Saturday, February 5, 2022

Joyce's Birthday and Sylvia Beach

February 2nd, 2022 marked 100 years since the publication of James Joyce's Ulysses by Sylvia Beach's Shakespeare and Company bookshop in Paris. The day of 2/2/2022 was also the 140th birthday of James Joyce. Ten years ago at my other blog I wrote a short summary of Joyce's life for his 130th birthday. Back then I also wrote a piece describing with 16 reasons why James Joyce is the greatest writer ever. Both older pieces seem to hold up well I think, even though that was from before I had ever read Finnegans Wake. Finnegans Wake also had a birthday on February 2nd, it marked 83 years since Joyce's final masterwork first appeared in print after nearly two decades of serialization under the title Work in Progress. Joyce told a friend, "since 1922 my book has been a greater reality for me than reality." (Ellmann, 695) Back in 2010 after Danis Rose and John O'Hanlon brought out their new-and-improved "corrected" edition of Finnegans Wake, I wrote about the frantic final stages in the proofreading and publication of such a bizarrely written book. This was how the Wake came into the world:
Joyce finished composing the book on November 13, 1938 after laboring on it for nearly 17 years and then for the next month and a half, Joyce, with help from his friends Stuart Gilbert and Paul Léon and some professional proofreaders, frantically worked around the clock to proofread the book as Joyce insisted that it be printed by his birthday (February 2nd) no matter what. During this time, Joyce barely slept at all and once collapsed during a walk in Paris. In his famous Joyce biography, Richard Ellmann tells another story from this "frenzy of proofreading":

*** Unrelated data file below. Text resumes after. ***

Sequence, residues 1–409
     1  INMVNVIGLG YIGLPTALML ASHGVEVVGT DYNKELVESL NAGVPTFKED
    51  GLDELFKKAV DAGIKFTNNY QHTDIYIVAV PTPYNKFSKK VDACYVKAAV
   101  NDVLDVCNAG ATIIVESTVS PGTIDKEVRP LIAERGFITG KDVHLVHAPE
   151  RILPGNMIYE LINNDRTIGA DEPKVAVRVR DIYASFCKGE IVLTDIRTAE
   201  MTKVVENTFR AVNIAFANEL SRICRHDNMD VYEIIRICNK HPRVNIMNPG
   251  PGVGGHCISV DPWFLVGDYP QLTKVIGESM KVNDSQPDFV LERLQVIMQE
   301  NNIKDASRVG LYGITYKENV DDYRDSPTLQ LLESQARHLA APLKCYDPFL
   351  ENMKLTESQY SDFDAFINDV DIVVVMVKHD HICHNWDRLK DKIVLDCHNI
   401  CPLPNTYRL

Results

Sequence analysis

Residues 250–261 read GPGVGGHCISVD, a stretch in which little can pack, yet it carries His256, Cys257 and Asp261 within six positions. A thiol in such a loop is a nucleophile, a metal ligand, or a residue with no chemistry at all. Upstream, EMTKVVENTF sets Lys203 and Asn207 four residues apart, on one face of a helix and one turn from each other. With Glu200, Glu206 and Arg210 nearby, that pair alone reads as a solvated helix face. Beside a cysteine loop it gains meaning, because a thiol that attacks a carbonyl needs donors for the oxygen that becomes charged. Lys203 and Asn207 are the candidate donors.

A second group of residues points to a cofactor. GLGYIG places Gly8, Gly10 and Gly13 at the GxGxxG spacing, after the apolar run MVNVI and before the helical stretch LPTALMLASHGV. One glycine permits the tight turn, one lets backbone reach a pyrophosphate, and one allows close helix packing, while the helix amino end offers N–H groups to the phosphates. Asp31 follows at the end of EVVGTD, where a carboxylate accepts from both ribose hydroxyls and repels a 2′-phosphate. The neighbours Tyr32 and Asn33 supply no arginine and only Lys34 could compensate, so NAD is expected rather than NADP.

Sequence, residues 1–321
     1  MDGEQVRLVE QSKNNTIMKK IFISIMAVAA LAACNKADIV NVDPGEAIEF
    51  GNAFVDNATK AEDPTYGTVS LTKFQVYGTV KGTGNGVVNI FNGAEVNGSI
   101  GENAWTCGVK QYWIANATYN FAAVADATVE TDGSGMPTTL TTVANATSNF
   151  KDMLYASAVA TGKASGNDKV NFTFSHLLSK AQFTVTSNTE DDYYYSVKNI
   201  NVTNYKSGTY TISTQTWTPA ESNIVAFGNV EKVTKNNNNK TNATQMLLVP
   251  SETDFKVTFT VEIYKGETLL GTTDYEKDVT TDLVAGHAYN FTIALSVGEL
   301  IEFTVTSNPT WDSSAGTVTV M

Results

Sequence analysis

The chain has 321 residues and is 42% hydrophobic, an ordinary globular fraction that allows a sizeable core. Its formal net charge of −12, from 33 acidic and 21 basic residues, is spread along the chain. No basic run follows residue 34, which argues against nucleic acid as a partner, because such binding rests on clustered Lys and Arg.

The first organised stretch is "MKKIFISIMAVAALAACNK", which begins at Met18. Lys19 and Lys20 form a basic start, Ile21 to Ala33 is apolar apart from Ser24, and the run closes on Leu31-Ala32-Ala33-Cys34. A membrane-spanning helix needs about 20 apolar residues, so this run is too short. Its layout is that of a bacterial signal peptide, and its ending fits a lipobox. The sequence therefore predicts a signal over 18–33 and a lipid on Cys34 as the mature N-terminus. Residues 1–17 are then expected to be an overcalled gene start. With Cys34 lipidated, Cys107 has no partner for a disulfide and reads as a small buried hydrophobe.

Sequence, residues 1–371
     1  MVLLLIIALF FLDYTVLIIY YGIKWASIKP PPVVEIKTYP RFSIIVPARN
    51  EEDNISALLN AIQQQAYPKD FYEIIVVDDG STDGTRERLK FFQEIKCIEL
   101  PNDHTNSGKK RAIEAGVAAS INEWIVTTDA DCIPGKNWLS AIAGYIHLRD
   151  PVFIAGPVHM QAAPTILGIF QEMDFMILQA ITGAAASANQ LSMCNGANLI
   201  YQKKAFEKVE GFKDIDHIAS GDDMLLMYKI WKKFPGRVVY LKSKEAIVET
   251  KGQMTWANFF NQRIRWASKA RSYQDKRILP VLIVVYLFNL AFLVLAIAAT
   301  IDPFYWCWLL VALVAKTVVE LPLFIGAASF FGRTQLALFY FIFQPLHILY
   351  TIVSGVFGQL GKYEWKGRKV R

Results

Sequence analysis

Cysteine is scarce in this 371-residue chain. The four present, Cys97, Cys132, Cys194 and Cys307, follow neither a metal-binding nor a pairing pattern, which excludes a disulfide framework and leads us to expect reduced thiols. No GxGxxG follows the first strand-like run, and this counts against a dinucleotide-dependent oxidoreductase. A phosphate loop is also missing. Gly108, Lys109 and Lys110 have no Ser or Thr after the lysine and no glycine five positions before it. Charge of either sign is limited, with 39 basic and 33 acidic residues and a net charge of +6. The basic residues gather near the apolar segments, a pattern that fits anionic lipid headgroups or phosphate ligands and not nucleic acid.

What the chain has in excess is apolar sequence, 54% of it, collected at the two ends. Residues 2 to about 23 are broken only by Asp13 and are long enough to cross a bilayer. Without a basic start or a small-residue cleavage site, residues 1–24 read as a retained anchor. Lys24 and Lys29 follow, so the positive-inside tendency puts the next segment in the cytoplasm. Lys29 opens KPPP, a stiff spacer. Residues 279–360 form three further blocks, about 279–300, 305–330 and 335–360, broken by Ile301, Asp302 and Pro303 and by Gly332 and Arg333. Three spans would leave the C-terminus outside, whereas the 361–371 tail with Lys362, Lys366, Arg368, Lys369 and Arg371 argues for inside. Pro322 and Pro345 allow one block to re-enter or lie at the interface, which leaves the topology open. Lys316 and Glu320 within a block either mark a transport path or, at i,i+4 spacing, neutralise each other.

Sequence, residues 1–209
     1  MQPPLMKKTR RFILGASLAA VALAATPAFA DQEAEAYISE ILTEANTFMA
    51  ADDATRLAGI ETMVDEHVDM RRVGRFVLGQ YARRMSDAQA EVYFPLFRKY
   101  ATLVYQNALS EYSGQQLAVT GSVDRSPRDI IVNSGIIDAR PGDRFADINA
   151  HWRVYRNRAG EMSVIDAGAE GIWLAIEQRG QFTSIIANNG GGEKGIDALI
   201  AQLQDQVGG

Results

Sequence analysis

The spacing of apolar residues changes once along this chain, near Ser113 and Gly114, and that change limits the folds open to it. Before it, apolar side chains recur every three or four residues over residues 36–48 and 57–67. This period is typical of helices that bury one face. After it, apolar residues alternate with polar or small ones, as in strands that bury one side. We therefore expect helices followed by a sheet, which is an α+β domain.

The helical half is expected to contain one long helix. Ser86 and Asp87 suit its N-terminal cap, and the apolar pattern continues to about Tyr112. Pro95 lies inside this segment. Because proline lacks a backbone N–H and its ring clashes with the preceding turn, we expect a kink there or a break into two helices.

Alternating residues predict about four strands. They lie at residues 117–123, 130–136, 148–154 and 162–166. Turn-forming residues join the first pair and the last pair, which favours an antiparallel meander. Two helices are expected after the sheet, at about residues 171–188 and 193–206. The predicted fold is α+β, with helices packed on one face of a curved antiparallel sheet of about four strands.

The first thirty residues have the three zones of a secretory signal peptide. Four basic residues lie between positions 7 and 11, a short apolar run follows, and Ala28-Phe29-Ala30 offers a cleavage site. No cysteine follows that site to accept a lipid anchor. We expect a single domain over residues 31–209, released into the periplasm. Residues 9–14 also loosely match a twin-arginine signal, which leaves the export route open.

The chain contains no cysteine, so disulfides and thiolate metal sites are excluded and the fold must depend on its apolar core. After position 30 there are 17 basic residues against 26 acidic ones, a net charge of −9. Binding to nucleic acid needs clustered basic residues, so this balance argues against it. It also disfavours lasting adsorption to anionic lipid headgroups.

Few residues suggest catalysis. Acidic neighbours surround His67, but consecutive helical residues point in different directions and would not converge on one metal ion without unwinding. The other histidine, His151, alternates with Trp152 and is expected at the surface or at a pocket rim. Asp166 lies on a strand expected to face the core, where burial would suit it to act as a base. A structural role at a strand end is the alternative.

Léon supplied a last drama by forgetting a section of the revised proofs in a taxi. He rushed back to stop the driver, but the taxi was gone. Bitterly ashamed, he hurried to Joyce's flat to inform him; Joyce did not reproach him, seemed rather to take it as the usual sort of bad luck. Léon telephoned to London to send more proofs, but the taxi driver, after two hours, miraculously appeared with the missing package. (JJ, Ellmann, pg 714)
Joyce received a printed copy of the book from his publishers, Faber & Faber, on January 30th and for his birthday party on February 2nd, he celebrated the culmination of his years of work with friends and family. Paris' best caterer baked seven cakes, each one a replica of Joyce's seven books, with icing the color of the books' bindings. At the dinner celebration, Joyce told the guests how the idea for the book came to him in 1922 when he was at Nice in France and, after dinner, Joyce and his son sang a duet and his son's wife read aloud the last pages of Finnegans Wake.

When Ulysses was published in 1922 the era was fraught due to obscenity charges which led to Joyce's most famous book being declined by publishers in the English-speaking world for fear of legal action against them. Instead the owner of a small bookshop in Paris, American expatriate Sylvia Beach, took on the task of publishing the first edition of Ulysses. By the time Joyce was wrapping up Finnegans Wake in the late 1930s, he was the biggest literary celebrity in the world. He appeared on the cover of Time magazine and Faber & Faber published and promoted his new book.

Joyce had in his hands the first printed copy of Finnegans Wake for his 58th birthday. He would not live to see the age of 60. He died January 13th, 1941 in Zurich after escaping Paris with his family before the Nazis took over France. With the Wake turning 83 years old, I was thinking what year would it have been had Joyce lived to the age of 83? 1965. One can only imagine. Ezra Pound died in 1972. Joyce's son Giorgio lived until 1976 and daughter Lucia died in 1982. 

Sylvia Beach died in 1962. That same year she recorded an interview that's available to watch on YouTube, shared below. It's a fantastic clip for Joyce fans, she describes what kind of person Joyce was, and (starting at 15:00) she tells the story of how, after the Nazis invaded Paris in 1940, a group of German officers came to her shop demanding to have her final copy of Finnegans Wake. She refused, and after they threatened to come back and confiscate all her stuff, she hurriedly emptied the shop and shuttered up Shakespeare and Company.